The student’s perspective: Sue Beck, Student, University of Northampton
The lecturer’s perspective: Rob Howe, Head of Learning Technology & Media, University of Northampton
The senior manager’s perspective: Professor Jeff Haywood, Vice Principal Knowledge Management, Chief Information Officer, Edinburgh University
The policy perspective: Sir David Melville, former VC of the University of Kent and Chairman of the Committee of Inquiry into the Changing Learner Experience
“I’m a mother of seven, a grandmother of three and I’m 50 years old,” began Sue Beck. “I only achieved Level Four CSE French. I’m now in my third year of a French language degree, I can watch French films without subtitles and watch French television and understand what’s going on.”
A question time session on student experiences of technology without a student on the panel would be missing a trick and this afternoon’s session certainly benefited from hearing Sue’s very positive experience of learning technology.
She explained how she enrolled in a beginners’ adult education French class after going over to France with her motorcycle club and feeling embarrassed at her lack of language skills. Her tutor pointed her to Friends Abroad, an online penfriends website and within an hour of creating her profile she had over 100 friend requests. Sue now corresponds with many of them by email or IM on a regular basis.
“They help me with my French, I help with their English. I write to them in French, they correct it and reply in English and I correct it. Nobody is the student, nobody is the teacher. The internet is my main form of learning now as it’s something I can do any time I want. If I can’t sleep at 2am I can go down and switch on the computer and do my learning in my jimjams.”
Sue’s experience reinforced the point made by Professor Jeff Haywood, another of the panellists, that the stereotypical “young UK adult” is not the typical learner in HE and FE in the UK and that students come from very diverse backgrounds with technology running across all age groups and types.
Panellist Sir David Melville has, however, been mainly focusing on young people in cialis 5 mg his role as Chairman of the Committee of Inquiry into the Changing Learner Experience. He pointed out that we have now had two years of entry into HE of people who have been significantly immersed in new technology and Web 2.0 tools. An interesting snippet he mentioned is that the number of hours a 16-17 year old will spend watching TV and online has now swapped over so it is one hour of TV to five hours online. 13 year olds are where 16 year olds were a year ago. The most obvious way in which technology has changed attitudes is through participation, the characteristic of Web 2.0 tools, and the assumption that one can be part of it. Sir David also mentioned plagiarism, and the fact that we “cannot turn back the tide” but must find ways to work with it and develop new forms of assessment and new ways of asking questions.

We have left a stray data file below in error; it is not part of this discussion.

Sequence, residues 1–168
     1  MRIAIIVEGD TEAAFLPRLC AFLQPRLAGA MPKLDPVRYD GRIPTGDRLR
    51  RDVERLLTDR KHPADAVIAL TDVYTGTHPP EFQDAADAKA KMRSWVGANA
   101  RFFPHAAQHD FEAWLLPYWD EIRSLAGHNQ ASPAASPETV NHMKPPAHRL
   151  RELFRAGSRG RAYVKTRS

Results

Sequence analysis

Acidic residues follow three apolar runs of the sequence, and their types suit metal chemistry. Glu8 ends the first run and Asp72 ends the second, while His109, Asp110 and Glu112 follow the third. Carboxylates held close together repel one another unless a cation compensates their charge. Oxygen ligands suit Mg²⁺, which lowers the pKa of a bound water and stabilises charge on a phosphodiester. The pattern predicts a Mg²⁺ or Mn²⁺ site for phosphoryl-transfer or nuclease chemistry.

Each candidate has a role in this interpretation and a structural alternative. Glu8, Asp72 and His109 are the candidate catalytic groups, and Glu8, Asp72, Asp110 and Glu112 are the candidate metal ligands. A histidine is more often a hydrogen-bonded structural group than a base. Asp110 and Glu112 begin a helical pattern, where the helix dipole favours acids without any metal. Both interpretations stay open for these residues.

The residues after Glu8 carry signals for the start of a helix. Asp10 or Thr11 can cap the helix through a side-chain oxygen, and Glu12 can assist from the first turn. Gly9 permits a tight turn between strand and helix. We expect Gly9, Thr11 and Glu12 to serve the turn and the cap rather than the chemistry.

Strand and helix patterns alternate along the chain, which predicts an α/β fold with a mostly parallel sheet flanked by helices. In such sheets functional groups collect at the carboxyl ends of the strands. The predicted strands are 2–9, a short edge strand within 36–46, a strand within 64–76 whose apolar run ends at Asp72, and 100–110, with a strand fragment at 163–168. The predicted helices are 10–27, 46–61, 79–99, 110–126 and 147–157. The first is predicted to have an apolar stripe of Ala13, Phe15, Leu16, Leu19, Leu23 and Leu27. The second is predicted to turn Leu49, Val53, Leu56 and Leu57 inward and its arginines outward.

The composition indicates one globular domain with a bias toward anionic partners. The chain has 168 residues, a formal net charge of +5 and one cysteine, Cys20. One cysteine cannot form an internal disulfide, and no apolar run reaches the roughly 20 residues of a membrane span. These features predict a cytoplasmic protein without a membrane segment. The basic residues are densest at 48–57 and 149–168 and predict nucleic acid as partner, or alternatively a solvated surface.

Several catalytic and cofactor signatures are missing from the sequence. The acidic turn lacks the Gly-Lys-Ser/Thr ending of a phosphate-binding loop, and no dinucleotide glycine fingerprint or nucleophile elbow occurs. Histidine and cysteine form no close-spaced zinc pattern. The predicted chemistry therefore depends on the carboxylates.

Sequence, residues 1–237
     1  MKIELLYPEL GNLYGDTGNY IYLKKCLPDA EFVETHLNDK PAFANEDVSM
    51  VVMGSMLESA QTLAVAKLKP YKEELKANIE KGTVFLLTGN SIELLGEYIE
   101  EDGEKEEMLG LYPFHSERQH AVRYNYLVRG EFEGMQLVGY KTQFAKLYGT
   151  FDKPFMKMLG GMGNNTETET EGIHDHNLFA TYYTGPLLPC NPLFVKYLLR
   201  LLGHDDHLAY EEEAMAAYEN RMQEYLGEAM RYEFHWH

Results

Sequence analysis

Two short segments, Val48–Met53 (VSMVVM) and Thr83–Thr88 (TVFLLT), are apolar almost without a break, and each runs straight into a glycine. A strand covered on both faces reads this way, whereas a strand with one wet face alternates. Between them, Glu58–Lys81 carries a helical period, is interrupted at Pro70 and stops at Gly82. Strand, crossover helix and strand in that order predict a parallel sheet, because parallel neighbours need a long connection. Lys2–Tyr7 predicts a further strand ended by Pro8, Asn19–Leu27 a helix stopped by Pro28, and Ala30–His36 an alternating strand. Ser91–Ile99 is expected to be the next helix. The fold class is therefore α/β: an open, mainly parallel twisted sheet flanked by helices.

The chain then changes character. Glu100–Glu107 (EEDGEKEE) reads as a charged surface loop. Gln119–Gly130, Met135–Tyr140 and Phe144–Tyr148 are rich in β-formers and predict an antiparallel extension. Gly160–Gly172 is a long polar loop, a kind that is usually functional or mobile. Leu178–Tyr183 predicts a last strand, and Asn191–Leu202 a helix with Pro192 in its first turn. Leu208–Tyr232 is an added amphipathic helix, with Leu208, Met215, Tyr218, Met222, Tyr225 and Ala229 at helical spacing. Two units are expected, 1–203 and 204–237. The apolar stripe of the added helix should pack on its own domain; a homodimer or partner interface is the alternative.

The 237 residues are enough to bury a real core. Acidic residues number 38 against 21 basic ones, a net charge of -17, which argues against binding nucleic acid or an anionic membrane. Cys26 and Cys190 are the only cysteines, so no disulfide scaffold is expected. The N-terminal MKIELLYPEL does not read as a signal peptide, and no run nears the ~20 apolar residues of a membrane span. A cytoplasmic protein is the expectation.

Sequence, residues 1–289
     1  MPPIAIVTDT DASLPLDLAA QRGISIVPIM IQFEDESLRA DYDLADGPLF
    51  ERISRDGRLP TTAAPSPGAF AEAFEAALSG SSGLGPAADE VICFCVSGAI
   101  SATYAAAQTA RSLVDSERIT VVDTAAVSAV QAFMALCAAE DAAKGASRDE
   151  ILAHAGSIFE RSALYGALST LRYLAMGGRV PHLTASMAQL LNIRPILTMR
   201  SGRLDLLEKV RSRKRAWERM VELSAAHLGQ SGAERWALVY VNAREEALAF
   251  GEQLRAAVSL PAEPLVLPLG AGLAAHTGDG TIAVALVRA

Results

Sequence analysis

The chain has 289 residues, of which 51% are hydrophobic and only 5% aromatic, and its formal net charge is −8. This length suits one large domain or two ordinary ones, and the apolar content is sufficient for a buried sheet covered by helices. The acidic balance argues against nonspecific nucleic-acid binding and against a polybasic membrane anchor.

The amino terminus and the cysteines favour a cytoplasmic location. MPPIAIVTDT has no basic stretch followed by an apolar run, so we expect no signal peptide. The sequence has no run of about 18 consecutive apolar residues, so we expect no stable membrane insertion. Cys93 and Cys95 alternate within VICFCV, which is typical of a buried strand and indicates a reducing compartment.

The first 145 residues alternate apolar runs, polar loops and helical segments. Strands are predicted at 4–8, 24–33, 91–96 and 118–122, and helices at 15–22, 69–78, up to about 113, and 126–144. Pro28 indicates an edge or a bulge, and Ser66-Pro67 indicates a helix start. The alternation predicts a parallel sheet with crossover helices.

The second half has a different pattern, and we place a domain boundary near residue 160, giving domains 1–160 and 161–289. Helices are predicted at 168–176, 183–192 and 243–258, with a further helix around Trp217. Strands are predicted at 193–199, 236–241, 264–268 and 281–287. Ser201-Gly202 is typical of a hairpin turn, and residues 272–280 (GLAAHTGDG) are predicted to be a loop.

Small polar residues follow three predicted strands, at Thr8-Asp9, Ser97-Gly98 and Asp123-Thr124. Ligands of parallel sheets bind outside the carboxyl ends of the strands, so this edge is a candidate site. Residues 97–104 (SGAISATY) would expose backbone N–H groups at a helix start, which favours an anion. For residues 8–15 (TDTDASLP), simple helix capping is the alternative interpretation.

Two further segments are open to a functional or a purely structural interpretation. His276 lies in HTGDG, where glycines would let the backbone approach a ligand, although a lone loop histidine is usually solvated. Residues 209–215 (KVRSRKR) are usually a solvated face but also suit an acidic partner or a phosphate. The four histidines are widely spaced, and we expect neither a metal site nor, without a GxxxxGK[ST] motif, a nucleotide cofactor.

The ‘cutting and pasting’ issue was familiar to Rob Howe, who brought the lecturer’s perspective to bear on the panel. He said that he has changed his teaching style to accommodate different learner experiences. Instead of criticising his students for taking information from Google searches, “I use it as a development tool to help them learn how to reference properly and recognise where information comes from.” On the participation front, he uses social bookmarking to encourage his students to add to resources and be participants in the course as well as consumers. He pointed out that it is a challenge to find the time to do any of these things and to keep up to date and innovate. There are lots of different guidance notes to e-learning from different sectors which could well be brought together into one place for easier access.
Social networking site featured heavily in the Q+A section of the session. Sue was, perhaps surprisingly, vehement that sites like Facebook can be a distraction as they take the student away from the subject in hand, and pointed out that the sites she uses, although still social networking, are geared to one specific subject. Jeff added that students have expressed dismay when their lecturers appear on Facebook, while Rob commented that he has noticed students setting up Facebook groups for study-related discussions and that his institution encourages that by providing an RSS feed so that students can pull some course content down into their Facebook group if they want to.
The effect of new technology on face-to-face teaching was also a hot topic. Sir David said that students value face to face teaching and there is no real evidence that this pedagogical approach and new technology is mutually exclusive. He added that podcasting can provide something that’s intermediate, a freshness and immediacy that you don’t get with other materials already on the computer. Rob warned that if tutors use technology to reduce the amount of face-to-face teaching but do not change students’ expectations at the same time then they will face a backlash. Sue approved of the use of webcams for ‘international language exchange’ with counterparts overseas. “It makes learning fun,” she pointed out, “and if it’s fun, students will do it!”